So if your financial situation changes, and you find yourself worried or struggling to keep on top of your commitments, you can speak to impartial and independent debt advisors, such as StepChange (www.stepchange.org), the National Debt Line (www.nationaldebtline.co.uk) or Consumer Credit Counselling (www.cccs.co.uk). Arranging debt management plans with a free service means you can avoid paying fees to commercial advisors, and you will be totally in control of your finances. Your debt lifetime will be much shorter and you will only repay the debt you are currently in.


Step 3: Let creditors know you are entering a DMP

Once you’ve decided that you are going to set up a debt management plan and you’ve engaged with your chosen debt management company to start the process, you should also get in touch with all your creditors and update them on your situation.

Either call or send a quick email identifying yourself and the debt management company you have chosen to work with, and including your reference number for the creditor and your reference number for your debt management company. This way the creditor will hopefully be willing to agree to freeze your account and they know who to contact if they have further question regarding your debt management plan.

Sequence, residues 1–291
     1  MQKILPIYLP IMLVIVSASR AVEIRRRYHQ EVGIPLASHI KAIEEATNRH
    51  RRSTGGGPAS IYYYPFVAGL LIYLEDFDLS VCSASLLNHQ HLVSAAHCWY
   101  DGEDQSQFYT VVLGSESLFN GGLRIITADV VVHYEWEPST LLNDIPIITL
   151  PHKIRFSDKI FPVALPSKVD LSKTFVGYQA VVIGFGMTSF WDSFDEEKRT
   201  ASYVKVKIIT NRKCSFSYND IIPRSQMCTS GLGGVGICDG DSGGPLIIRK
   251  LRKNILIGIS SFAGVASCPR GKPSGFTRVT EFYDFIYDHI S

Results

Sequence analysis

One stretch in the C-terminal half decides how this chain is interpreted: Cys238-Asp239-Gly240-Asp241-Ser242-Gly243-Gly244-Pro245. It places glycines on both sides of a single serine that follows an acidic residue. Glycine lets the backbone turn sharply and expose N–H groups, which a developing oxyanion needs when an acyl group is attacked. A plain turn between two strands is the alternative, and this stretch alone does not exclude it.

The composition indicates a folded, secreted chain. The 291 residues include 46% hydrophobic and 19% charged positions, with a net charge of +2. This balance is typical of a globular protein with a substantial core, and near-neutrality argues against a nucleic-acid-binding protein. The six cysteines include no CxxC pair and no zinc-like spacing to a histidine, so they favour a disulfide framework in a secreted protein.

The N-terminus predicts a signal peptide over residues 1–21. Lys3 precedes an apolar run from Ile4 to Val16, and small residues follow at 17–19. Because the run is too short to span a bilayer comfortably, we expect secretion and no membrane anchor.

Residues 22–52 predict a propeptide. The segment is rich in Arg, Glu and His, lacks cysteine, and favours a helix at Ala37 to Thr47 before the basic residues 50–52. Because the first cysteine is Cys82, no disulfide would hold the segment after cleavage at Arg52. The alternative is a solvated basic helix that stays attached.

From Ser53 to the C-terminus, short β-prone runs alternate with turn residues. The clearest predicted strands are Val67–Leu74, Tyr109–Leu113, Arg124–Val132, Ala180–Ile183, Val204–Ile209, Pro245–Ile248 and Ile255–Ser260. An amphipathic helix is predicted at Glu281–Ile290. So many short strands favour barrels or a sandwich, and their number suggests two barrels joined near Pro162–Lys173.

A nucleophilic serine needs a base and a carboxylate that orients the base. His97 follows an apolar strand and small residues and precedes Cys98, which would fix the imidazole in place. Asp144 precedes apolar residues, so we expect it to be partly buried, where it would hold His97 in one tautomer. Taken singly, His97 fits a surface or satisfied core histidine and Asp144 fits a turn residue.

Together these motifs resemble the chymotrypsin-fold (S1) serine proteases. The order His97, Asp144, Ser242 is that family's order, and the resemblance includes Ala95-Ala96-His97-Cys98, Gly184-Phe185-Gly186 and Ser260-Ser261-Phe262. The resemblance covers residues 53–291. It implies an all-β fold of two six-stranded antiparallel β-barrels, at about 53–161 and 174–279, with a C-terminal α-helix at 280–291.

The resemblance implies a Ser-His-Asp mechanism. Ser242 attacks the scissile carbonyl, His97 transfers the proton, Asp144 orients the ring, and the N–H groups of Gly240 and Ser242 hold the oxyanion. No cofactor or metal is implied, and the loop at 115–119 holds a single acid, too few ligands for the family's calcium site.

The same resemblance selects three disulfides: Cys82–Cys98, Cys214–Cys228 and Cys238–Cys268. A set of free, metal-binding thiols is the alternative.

This process can be done together with informing your DMP company who all of your creditors are and how much you owe to each one, as the basis to start setting up your plan.


Step 4: Create a budget sheet

Your debt management company will walk you through this as each provider will have its own individual approach, but essentially you will draw up a list of all your income and expenditure on a monthly basis. Once you have a good picture of how money you have coming in and going out per month, you can see much disposable income you have (income left over after tax and priority bills e.g. rent, council tax, utilities) which will help you decide how much you can afford to repay your creditors.

Unfortunately, tackling debt isn’t an easy exercise, which is why getting support from advisors, friends and family is crucial. At this stage, it is important to remember what items are essential and where in your expenditure you can cut down: life’s little luxuries will have to go on hold for a while as getting out of debt should be your main priority.

For tips on how to cut down your spending and save a little each month, check out our blog here.


Step 5: Entering your DMP

In most cases, this is a quick and easy step. You set up your payments to your debt management company each month based on what you can afford from your budget sheet, and that’s all you have to do. Your DMP provider will split your full payment between your creditors, so each creditor gets a pro-rata, i.e. proportionate amount of your discretionary income that you can afford to contribute.

For example, if you have total debts of £500, but you can only afford to pay £80 per month towards clearing everything, over a total of four different creditors, this is how your one monthly payment would be broken down and paid to each of your creditors.